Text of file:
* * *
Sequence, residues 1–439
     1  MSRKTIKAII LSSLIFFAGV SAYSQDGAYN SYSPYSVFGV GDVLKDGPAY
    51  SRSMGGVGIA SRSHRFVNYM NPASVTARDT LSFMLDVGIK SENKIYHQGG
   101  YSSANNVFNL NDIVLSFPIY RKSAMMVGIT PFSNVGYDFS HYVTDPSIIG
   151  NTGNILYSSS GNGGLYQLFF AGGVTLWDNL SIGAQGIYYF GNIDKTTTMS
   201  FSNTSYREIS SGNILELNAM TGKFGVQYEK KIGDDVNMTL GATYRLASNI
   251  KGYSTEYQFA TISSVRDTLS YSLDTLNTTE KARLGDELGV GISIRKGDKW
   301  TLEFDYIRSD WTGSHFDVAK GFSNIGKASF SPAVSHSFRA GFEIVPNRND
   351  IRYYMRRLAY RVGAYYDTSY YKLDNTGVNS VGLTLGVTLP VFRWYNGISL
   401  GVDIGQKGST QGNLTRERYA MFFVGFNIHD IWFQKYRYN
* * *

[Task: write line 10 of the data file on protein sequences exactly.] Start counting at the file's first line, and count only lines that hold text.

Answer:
   401  GVDIGQKGST QGNLTRERYA MFFVGFNIHD IWFQKYRYN